Myriad Worlds: Buddhist Cosmology in Abhidharma, Kalacakra and Dzogchen

The following article is from the Autumn, 1995 issue of the Snow Lion Newsletter and is for historical reference only. You can see this in context of the original newsletter here.

Jamgon Kongtrul Lodr Tay

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Translated and edited by the International Translation committee of Kunkhyab Choling founded by V.V. Kalu Rinpoch

301 pp., #MYWO $19.95

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Myriad Worlds is the first of ten books contained within the major treatise The Infinite Ocean of Knowledge (Shes bya mtha' yas pa'i rgyamtsho), which itself is a commentary on the root verses (Shes bya kun khyab). The author of the work is Kongtrul Lodr Tay, an outstanding scholar of nineteenth-century Tibet. The English translation of this work has been conducted by an international group of translators inspired and organized by the Venerable Kalu Rinpoch, founder of the project and himself a recognized incarnation of Kongtrul Lodr Tay.

The translation of The Infinife Ocean of Knowledge a text that touches on every topic within the range of Buddhist knowledge, is one of Kalu Rinpoche's most ambitious projects, for which he requested translators, scholars, and meditation masters of the various Tibetan traditions to work together. Kalu Rinpoche explained the importance of this work as follows:

The world is currently experiencing unprecedented material development and the discovery of new scientific knowledge, creating good fortune and well-being for everyone. At such a time as this, the unsurpassable wisdom of Buddhism ca n bri ng immense happiness and benefit to humanily. This wisdom is contained in the great treatise The Infinite Ocean of Knowledge, written by Kongtrul Lodro Taye (1813-1899), the non-sectarian master of ali Buddhist teachings whose life was prophesied by the Buddha. If this great work is translated into English, the nature of ali existence a nd nirva na will appear as vividly as a reflection in a clear mirror in the minds of the most learned people in the world, as though the expanse of their understanding were illuminated with sunlight,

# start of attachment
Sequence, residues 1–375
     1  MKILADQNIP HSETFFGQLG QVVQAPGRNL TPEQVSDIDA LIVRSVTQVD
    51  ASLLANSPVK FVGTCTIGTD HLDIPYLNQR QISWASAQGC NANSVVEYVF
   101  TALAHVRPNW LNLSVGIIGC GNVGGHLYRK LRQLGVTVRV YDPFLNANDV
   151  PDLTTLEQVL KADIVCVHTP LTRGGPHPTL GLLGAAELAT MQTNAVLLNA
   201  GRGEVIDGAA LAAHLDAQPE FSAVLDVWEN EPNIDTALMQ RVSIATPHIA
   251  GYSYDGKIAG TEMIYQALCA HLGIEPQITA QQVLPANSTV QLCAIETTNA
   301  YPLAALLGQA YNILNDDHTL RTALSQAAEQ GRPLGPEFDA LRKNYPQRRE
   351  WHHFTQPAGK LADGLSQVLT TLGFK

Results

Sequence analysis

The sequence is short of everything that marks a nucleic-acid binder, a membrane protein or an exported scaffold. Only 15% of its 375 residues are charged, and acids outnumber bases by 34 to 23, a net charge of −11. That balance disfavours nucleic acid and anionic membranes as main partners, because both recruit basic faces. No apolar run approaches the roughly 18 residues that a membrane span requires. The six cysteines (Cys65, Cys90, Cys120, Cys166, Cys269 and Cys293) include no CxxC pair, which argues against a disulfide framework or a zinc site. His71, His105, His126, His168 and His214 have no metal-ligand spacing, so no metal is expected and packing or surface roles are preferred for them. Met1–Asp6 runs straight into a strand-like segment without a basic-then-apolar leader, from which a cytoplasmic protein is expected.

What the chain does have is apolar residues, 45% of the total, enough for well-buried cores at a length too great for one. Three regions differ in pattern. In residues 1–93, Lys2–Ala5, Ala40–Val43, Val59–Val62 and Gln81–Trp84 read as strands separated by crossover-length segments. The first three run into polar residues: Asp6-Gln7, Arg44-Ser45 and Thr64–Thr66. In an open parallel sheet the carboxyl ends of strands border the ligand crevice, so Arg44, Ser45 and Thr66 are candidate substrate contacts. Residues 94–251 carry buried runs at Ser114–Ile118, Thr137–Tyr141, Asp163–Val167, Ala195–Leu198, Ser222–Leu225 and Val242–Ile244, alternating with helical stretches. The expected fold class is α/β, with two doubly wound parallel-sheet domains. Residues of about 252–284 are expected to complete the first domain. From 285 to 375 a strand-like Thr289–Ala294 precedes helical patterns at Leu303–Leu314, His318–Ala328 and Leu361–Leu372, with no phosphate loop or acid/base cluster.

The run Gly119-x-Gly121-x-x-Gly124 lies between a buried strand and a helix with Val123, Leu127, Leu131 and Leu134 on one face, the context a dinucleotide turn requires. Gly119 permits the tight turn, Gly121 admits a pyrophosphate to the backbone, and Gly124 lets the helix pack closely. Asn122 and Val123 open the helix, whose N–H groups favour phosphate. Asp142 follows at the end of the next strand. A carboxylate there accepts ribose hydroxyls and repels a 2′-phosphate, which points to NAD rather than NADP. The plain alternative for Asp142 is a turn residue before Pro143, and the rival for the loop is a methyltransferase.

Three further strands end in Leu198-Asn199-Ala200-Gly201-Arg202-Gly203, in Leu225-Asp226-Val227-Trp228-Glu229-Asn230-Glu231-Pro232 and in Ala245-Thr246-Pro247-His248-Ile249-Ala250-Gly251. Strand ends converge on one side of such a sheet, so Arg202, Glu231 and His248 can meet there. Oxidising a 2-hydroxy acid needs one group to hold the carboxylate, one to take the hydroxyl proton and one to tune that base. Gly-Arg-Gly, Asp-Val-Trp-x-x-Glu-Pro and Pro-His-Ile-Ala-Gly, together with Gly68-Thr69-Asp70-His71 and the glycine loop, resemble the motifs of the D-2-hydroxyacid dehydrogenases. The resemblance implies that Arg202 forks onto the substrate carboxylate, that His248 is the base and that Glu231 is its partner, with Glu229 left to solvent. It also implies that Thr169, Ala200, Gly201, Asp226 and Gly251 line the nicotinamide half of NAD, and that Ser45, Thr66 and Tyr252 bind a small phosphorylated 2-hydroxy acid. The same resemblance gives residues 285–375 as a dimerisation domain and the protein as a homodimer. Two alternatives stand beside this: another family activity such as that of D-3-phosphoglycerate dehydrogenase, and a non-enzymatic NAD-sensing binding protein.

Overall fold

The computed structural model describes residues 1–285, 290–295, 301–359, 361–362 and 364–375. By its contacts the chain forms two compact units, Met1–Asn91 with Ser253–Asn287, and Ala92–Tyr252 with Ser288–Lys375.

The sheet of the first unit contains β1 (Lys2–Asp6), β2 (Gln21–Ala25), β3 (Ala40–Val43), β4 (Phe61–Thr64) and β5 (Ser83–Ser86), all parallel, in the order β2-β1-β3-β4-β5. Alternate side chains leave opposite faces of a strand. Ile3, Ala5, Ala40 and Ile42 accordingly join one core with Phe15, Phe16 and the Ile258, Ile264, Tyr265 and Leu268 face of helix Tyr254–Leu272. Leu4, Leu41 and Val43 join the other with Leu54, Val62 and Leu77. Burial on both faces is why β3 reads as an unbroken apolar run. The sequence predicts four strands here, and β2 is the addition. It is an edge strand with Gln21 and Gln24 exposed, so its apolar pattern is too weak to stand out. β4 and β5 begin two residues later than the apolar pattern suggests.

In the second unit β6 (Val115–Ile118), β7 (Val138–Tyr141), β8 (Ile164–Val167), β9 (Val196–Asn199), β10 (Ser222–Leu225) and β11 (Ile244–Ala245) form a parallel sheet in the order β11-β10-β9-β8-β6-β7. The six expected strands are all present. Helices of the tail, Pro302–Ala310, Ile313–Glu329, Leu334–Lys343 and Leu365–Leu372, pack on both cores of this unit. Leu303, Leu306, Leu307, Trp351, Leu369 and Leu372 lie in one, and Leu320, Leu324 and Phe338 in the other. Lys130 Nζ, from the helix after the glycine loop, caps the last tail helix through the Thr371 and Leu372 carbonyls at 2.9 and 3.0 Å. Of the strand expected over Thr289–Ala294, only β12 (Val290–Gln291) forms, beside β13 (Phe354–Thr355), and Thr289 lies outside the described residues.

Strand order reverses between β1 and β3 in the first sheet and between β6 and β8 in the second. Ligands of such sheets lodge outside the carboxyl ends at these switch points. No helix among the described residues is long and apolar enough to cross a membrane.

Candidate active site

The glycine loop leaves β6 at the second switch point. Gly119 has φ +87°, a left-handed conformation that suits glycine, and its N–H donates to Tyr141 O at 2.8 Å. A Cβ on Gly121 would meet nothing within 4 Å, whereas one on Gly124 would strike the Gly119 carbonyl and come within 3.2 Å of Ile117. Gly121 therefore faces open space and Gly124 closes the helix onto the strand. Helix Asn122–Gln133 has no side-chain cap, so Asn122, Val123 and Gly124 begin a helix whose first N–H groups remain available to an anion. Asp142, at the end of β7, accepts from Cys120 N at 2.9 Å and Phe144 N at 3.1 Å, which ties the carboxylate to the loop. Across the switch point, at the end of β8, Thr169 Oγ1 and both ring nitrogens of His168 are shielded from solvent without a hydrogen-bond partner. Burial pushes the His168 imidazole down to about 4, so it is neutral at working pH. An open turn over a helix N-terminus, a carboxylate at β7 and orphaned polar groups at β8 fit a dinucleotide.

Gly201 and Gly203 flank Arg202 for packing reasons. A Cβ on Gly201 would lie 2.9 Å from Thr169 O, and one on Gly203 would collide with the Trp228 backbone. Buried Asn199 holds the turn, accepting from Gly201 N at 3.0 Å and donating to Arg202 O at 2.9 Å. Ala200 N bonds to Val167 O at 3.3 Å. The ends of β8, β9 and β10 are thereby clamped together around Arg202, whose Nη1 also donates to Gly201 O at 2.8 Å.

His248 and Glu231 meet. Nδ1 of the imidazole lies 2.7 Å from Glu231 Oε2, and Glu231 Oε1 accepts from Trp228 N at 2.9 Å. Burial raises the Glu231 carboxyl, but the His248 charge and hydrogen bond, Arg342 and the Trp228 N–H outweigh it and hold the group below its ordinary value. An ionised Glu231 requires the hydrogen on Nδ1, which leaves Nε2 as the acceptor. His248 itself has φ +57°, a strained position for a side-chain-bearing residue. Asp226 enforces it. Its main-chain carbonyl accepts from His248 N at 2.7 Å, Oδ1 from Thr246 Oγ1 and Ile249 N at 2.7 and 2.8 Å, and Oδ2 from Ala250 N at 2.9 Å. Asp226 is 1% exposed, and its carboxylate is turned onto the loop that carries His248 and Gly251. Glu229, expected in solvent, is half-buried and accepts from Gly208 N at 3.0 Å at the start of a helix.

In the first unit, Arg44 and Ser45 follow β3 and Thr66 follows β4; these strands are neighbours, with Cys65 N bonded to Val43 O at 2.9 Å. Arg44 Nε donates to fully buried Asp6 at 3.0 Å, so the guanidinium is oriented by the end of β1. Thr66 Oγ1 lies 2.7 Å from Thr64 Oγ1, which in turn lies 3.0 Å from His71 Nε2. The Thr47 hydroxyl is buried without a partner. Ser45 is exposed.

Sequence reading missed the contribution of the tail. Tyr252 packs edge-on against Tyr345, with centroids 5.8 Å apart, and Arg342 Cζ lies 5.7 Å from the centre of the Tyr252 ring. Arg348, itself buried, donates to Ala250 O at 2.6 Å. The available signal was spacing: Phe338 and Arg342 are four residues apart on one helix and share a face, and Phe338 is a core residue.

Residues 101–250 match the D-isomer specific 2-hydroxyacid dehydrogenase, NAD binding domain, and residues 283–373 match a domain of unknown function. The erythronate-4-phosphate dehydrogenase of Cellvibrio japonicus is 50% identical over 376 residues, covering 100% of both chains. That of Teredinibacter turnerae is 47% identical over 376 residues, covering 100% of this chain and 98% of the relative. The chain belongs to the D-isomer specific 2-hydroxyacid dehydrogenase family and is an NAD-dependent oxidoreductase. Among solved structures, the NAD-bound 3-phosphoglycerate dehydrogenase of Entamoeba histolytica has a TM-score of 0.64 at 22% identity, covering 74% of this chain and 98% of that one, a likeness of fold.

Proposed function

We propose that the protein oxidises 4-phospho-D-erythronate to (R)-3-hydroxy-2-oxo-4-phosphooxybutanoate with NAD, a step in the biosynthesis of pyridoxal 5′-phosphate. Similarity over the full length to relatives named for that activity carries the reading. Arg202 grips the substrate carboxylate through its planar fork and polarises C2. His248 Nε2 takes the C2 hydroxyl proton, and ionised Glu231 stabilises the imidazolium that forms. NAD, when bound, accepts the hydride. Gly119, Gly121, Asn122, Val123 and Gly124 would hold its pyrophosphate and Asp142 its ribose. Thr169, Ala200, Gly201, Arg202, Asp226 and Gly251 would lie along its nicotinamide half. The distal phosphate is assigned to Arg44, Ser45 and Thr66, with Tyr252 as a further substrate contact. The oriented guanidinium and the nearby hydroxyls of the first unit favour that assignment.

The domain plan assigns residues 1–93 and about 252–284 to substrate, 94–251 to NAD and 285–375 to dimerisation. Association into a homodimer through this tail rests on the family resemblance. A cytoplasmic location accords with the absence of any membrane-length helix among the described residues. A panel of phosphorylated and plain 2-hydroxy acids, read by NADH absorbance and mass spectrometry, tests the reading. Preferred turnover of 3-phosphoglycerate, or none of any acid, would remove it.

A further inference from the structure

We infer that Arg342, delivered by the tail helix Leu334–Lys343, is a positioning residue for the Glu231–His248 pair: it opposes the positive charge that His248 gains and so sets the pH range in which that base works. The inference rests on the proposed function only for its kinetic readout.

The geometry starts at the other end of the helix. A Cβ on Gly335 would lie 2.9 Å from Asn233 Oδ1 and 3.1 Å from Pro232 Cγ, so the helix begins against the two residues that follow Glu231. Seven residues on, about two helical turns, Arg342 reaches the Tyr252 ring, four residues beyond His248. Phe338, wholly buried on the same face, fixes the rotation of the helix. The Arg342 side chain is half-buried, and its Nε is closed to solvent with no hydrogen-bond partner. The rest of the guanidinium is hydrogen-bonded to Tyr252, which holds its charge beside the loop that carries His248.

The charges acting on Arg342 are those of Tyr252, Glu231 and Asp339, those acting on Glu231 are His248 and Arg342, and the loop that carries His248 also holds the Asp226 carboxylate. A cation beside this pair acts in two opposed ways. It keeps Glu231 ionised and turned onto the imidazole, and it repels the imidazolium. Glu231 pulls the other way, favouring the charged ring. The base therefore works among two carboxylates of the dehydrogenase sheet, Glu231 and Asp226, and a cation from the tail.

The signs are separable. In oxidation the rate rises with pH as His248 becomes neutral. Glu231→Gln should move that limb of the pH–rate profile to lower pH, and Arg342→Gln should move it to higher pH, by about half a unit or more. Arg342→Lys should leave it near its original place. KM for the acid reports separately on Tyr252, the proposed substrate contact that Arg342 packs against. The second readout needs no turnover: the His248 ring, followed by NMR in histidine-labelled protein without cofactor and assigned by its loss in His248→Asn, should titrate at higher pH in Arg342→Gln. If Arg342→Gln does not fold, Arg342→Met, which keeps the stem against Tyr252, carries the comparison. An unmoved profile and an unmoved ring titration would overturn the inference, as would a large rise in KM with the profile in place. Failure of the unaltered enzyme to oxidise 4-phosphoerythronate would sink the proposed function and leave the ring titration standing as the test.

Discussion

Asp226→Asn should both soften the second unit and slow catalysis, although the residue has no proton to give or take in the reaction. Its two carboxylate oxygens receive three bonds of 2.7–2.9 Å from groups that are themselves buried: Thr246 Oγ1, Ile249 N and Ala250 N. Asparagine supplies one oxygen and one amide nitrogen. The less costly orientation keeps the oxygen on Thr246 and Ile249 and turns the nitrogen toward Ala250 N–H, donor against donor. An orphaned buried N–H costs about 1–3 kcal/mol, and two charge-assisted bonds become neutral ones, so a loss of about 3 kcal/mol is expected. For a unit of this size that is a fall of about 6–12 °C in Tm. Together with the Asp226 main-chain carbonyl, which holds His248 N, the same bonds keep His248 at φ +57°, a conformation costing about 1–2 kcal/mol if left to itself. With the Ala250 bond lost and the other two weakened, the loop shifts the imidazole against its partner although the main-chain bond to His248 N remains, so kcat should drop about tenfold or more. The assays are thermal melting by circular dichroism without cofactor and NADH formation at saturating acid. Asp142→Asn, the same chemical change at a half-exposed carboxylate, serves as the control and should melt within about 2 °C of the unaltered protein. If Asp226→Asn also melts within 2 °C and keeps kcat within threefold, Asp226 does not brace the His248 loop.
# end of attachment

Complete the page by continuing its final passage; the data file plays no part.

It was Iris wish that the completion of the English translation would lay the foundation for the translation of this text into many other languages. During the winters of 1988 and 1989, Rinpoche invited his students from many countries to gather at Bodhgaya, the site of the Buddha's enlightenment, for three-month sessions of translation. He then encouraged the participants to continue their work full-time at his main seat, Samdrup Dargye Choling Monastery, in Sonada, West Bengal.

In The Encompassment of All Knowledge, Kongtrul examines subjects, concepts, and terminology from the perspectives of different systems. He does so in order to demonstrate both the similarities and the differences of the various systems. This approach, in which different chapters are devoted to different systems, has a number of advantages. If the meaning of a subject, concept, or term is unclear in one system's exposition, for example, that meaning may be made clear in another system's exposition. An attentive reading of The Encompassment of All Knowledge will reveal the complex relationships that exist among its various subjects.